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Money & Divorce: Keeping it Together When Your Marriage Falls Apart

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For Women & Co. by Rikki Endsley, RikkiEndsley.com

Regardless of how amicable -- or unexpected -- your divorce might be, your heart might not be the only thing that ends up battered. Your piggy bank could be busted, too. With a positive attitude and a willingness to adjust your priorities as you divide your assets, you can come out of a divorce happy, healthy and not homeless.

In October 2011, I made the leap to quit my job and start my freelance writing and editing business, with financial help from my husband. Less than a week later, I discovered that my Mr. Right was breaking wedding vows, and before giving a second thought to the measly savings in my personal account, I called a lawyer. Now I'm a divorced, cash-strapped, 42-year-old single mother. Surprisingly, I've never been happier.

How did I do it? My advice:

Use your network for moral and financial support.
Reach out to your friends, family, or other support networks, such as members of your church, your therapist, or divorced women in your community. The same day I decided to get divorced, members of my network offered to loan me money, give me extra freelance work so I could bring in quick income, help with childcare and shared practical financial advice.

Avoid retail therapy.
Or at least do it with your divorce and finances in mind. During my divorce, I treated myself to a do-it-yourself pedicure one afternoon followed by a pair of "new" peep-toe heels, which I purchased from a resale shop. All that pampering really perked me up, and I was only out $11.

Listen to your lawyer.
Do you want to fight over your flat-screen television, or do you want to save the legal fees and get on with your life? Your lawyer should help you get past your emotions and make practical financial decisions so you don't lose everything in the divorce.

Reassess your entertainment.
My daughter and I rarely eat out at restaurants anymore. Instead, I spend more on groceries and occasionally grill. We've both lost a few pounds, which is another incentive to stick with this new cost-saving measure. We also save money by watching movies on Netflix instead of at the theater, and we attend free community events, such as farmer's markets, art openings and festivals.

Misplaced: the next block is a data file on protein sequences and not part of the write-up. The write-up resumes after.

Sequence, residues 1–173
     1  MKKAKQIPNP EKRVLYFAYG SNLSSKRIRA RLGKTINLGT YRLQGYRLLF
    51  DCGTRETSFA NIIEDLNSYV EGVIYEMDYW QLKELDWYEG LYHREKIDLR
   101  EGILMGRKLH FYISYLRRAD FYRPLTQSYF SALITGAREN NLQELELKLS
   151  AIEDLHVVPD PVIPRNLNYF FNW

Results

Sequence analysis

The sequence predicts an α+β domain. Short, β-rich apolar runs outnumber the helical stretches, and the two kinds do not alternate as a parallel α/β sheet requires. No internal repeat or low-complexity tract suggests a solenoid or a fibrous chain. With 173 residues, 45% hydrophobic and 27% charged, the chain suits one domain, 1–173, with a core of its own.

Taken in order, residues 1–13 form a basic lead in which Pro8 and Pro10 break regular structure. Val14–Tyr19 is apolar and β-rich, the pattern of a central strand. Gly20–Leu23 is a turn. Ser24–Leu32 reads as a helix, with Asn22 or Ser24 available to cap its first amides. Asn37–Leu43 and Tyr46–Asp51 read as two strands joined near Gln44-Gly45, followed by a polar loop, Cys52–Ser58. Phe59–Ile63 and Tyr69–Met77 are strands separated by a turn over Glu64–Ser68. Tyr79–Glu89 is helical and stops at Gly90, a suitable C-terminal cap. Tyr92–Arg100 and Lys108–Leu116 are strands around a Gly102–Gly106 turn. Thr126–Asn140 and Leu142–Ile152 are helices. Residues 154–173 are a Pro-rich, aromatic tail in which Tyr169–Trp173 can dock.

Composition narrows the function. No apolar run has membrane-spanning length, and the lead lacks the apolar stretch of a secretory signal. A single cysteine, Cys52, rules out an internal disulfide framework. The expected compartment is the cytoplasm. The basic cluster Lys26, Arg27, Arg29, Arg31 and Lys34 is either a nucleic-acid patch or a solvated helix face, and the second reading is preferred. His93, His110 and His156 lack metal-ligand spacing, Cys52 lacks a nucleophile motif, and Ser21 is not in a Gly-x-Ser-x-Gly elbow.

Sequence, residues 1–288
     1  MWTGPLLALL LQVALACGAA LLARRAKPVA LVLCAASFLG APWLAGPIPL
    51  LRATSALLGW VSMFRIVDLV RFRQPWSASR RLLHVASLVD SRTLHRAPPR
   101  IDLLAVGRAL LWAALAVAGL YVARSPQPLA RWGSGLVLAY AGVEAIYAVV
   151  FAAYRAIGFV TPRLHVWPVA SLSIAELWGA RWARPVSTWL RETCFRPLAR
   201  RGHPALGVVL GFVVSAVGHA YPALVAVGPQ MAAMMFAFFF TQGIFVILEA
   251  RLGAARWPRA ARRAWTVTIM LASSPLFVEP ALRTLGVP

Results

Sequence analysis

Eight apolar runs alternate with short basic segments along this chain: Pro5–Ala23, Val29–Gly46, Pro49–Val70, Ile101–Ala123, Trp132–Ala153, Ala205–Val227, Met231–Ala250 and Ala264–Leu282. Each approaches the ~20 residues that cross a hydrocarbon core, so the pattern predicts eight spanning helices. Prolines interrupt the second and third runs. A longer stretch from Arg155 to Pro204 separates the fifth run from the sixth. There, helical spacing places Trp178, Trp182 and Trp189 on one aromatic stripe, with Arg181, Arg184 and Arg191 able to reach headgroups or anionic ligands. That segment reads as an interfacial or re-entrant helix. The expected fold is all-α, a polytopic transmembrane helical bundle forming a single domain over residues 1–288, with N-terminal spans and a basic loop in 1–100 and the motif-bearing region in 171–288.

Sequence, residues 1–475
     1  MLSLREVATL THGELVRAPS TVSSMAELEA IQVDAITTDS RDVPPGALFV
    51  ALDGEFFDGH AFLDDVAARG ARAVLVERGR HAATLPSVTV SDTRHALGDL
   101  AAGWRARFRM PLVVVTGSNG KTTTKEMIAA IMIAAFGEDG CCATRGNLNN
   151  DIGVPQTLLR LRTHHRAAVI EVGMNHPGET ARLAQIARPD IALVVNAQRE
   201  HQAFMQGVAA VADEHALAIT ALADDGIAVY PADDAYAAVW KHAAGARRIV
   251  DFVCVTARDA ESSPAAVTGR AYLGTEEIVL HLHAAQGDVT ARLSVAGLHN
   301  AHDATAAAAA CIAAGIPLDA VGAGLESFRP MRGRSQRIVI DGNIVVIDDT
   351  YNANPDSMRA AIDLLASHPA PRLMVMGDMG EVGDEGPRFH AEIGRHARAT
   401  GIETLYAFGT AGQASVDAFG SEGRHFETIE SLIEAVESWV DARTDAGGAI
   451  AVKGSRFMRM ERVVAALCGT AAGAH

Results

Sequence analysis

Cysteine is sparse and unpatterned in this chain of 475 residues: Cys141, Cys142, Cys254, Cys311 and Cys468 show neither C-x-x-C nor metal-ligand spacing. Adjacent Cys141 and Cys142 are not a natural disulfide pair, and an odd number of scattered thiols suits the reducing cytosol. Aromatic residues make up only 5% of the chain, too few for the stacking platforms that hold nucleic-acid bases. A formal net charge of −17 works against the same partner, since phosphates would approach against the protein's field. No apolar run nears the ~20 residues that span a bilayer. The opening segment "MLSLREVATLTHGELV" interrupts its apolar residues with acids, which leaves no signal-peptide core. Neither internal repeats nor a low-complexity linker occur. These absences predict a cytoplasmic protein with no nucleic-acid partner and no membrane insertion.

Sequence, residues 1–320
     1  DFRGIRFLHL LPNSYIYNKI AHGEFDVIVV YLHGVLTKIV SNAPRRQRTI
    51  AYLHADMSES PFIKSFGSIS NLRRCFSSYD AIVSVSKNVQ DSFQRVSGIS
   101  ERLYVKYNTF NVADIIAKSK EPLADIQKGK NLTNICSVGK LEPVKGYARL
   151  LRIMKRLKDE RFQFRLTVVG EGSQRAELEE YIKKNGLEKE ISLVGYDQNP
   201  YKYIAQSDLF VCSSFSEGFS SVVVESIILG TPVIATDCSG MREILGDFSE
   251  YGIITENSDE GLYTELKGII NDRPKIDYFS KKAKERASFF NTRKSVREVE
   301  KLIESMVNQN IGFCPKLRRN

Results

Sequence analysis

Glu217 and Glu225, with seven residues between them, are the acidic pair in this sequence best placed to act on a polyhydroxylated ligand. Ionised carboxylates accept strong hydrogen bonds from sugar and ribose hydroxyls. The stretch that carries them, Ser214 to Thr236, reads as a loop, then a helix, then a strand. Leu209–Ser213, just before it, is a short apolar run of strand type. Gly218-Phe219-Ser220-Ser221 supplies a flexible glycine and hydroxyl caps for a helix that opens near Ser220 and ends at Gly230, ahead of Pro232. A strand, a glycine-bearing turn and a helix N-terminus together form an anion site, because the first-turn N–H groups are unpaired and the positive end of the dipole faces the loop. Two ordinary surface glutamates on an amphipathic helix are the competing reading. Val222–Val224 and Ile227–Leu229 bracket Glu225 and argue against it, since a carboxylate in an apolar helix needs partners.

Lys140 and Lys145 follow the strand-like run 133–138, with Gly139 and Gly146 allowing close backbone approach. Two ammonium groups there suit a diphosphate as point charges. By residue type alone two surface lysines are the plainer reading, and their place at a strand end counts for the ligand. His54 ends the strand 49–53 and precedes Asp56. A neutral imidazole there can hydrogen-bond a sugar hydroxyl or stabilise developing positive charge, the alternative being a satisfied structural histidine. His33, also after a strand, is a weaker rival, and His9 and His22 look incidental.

Rethink your happiness.
How does a divorced single mom get over the end of her marriage? Picture divorce as a beginning, instead. With a clean slate in mind, I decided to get out of my comfort zone, challenge myself and make new friends. Instead of joining an online dating service, I joined a local runner's group. Running fits my tight little budget and helps me process the roller coaster of emotions I feel as my divorce wounds continue to heal. I've also met dozens of new people and formed fresh friendships. You had an idea of a happily ever after when you got married, and now, with more experience under your belt, you have the opportunity to redefine it.

Give yourself time.
I still don't have the financial cushion I'd hoped to have at this point in my life, but starting over takes time and patience. Expecting to feel financially secure right after my divorce was unrealistic, so I continue to remind myself that recovering will take at least months, and more likely, years.

The one-year anniversary of filing for my divorce falls on October 20, 2012, and I've decided not to measure my post-divorce financial success based on my bank balance. Instead, my success is measured by my ability to keep moving ahead, which is why I plan to run a local marathon that day with several friends. Divorce can mean a fresh start instead of financial disaster, so make the most of your new happily ever after.

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